Ontario electric vehicle advocates are warning that the province’s C$20-million vehicle charger installation program is largely a failure, with slow installation, poor placement, and inconsistent maintenance of publicly-funded charging stations triggering sharp criticism of the main private contractor on the project—even though the province is still leading on overall EV sales.
The 2016 commitment to install 500 charging stations under the Electric Vehicle Chargers Ontario (EVCO) initiative is being written off as “a screw-up” and “a failure” by some users and industry organizations, the Toronto Sun reports, with much of the problem appearing to centre on an inexperienced contractor that won the competitive bid to handle the bulk of the installations.
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“According to customers, government-funded charging stations frequently sit unused, the government lacks the ability to track how often or whether they are used, and some users complain those in service are frequently broken and in disrepair,” the Sun states.
The tone was very different two years ago, when then-transportation minister Steven Del Duca declared that, “by investing in charging infrastructure that is fast, reliable, and affordable, we are encouraging more Ontarians to purchase electric vehicles, reducing greenhouse gas pollution, and keeping our air clean.”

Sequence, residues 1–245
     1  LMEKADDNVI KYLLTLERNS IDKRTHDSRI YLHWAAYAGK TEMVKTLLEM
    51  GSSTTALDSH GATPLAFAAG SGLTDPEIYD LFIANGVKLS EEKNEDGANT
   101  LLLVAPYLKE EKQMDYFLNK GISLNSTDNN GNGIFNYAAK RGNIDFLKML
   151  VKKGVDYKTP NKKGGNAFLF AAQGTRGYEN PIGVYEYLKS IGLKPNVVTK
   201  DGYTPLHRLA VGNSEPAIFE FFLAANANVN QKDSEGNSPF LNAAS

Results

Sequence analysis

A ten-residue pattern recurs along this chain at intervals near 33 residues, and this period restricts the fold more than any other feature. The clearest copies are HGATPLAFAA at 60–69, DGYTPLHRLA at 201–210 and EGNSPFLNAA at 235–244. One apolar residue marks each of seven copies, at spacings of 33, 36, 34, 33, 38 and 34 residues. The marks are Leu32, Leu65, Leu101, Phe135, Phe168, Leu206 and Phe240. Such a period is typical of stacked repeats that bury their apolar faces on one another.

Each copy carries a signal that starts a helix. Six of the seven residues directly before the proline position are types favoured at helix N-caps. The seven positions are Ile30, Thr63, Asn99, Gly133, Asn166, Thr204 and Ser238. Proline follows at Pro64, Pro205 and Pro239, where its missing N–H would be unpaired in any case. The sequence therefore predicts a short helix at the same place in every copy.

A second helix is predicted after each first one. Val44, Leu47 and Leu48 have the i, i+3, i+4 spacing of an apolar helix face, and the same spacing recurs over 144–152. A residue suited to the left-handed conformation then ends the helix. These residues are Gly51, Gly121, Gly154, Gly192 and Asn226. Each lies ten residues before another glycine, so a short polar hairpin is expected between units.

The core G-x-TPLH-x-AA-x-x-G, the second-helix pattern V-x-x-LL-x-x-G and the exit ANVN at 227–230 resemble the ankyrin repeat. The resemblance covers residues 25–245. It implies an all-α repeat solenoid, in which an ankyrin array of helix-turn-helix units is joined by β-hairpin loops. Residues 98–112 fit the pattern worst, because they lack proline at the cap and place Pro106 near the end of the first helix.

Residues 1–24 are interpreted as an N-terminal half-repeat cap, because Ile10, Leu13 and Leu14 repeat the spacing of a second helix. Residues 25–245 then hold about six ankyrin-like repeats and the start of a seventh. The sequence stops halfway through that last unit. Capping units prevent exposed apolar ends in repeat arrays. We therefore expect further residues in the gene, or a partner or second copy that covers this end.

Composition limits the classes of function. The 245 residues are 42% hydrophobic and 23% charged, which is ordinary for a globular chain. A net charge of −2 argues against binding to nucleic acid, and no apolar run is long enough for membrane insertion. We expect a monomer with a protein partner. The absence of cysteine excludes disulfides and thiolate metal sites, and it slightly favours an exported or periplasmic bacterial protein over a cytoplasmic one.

Two years on, the Sun states, “instead of the reliable, affordable network of charging stations, just over half the charging stations (55%) that were supposed to be constructed by March 2017 have been built, 55% of the new charging stations are concentrated in downtown Toronto and the GTA—which is already saturated with charging stations—instead of on provincial highways between cities where the Liberals said they were needed.”
Toronto Electric Vehicle Association founder Paul Raszewski said the lion’s share of the implementation work for EVCO was awarded in an $11.4-million contract to a Mississauga green energy firm that, according to the Sun’s investigation, had limited past experience that would qualify it for the work. Ontario government officials said the company, Koben Systems Inc., won the competitive bid through a proper process. But since the company came onboard, “there have been a lot of delays installing those locations. Some of them still have not been completed and those that have, there are issues with them,” Raszewski said.
The chargers “are not being serviced properly, some of them are malfunctioning, and when people call the number, they say they’ll respond within 48 hours,” he continued. “When someone’s stuck out there with no charge—in -41°C weather—obviously, members are very upset by that. The government is not responding, so I guess they’re putting their tails between their legs and not commenting on it. I think they now know they screwed up.”